We have been considering some of the reasons why there may be some moves out of the egalitarian ‘camp’ in the foreseeable future—say, over the next twenty years or so. In this post we’ll consider the problems that arise when champions of women’s ordination cease to campaign for their cause, but have to rule on the basis of it, and conclude in the next by considering how complementarians can respond to these opportunities.
The pressures on egalitarians we have discussed will be reinforced as egalitarians have to increasingly move from being champions of conscience to wielders of institutional authority. Many egalitarians have enjoyed holding the ‘nice’ position in the debate—they aren’t saying ‘no’ to anybody or championing restrictions. They are asking for freedom—freedom to practice according to their conscience and not be restricted by others who believe differently. They were fighting against tradition and for greater freedom for conscience and for a whole gender. And while church structures didn’t permit women’s ordination they could argue for the freedom to practice their conscience. They could both champion their position and champion the right of conscience simultaneously.
But now that dioceses and denominations are looking at women bishops (or their equivalents), egalitarians have to decide whether conscience or equality is the ultimate good. They either have to connive at second-class women bishops to uphold freedom of conscience for objectors, or they have to support requirements to not ordain candidates who could not in conscience submit to a woman bishop.
Either way, a tension arises for those egalitarian evangelicals who believed that their cause was both about freedom of conscience, and about basic justice for women. Once their ‘side’ has the reigns of power, one of those two poles has to give way. They either have to offer freedom of conscience to complementarians—which means that they don’t really believe that women’s ordination is about basic justice like slavery or apartheid (because no-one would offer freedom of conscience on such serious moral topics). Or they don’t offer freedom of conscience, in which case, they deny to others what they demanded for themselves—freedom of conscience in this matter to act on their convictions.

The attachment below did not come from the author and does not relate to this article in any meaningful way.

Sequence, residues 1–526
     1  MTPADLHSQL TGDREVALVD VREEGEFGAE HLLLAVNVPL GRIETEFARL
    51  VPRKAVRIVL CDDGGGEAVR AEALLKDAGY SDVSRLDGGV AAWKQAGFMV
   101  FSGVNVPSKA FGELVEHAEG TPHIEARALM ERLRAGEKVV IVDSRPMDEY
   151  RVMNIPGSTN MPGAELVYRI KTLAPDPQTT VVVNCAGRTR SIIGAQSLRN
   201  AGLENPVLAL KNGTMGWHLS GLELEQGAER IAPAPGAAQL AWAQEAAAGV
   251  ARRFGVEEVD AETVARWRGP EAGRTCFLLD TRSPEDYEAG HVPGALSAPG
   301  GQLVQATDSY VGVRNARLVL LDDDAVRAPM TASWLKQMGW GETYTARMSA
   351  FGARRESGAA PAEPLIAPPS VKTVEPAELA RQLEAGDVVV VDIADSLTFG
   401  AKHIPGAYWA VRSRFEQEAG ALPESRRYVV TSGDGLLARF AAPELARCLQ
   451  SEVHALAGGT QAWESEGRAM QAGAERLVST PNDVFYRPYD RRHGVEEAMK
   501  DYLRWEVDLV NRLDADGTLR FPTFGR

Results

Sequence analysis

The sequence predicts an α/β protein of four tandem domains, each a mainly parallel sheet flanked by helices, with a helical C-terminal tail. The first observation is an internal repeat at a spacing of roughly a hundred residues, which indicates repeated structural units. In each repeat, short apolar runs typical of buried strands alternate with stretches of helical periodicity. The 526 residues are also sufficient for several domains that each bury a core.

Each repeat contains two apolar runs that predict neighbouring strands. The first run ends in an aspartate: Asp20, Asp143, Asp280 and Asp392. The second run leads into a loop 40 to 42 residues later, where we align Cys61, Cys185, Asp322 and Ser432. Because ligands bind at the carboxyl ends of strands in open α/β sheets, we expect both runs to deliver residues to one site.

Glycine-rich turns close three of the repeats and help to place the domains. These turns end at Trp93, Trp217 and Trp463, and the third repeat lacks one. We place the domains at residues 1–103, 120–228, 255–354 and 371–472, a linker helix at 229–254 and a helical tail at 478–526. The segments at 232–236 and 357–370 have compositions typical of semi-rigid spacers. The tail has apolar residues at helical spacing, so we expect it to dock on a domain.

If, as has been rumoured, some of those Dioceses moving towards electing a woman bishop have been running an unwritten policy of not ordaining candidates who cannot submit to a women bishop, then at least some egalitarians will be unsettled by the fact that their ‘side’ is less tolerant of dissent than the other side was in power—for egalitarianism can only get a foothold when a pre-existing institution does not make holding to complementarianism a condition for ordination. So egalitarianism is only ever a possibility due to the willingness of complementarians to create space for egalitarians in the first place in institutional life. Not even deepest darkest Sydney Diocese, a place that everyone knows is synonymous with intolerance (yes, that was irony, in case your senses need some tweaking), requires ordination candidates to believe in complementarianism.
At least some egalitarians will draw back from an intolerant tolerance, or will decide that women having access to all forms of public ministry is not an issue of basic justice. And in that decision they will begin the first step of what could be a long journey out of egalitarianism altogether. For if it is not a ‘gospel issue’, why keep dividing the church over it, especially in those contexts where evangelicalism needs every hand on deck?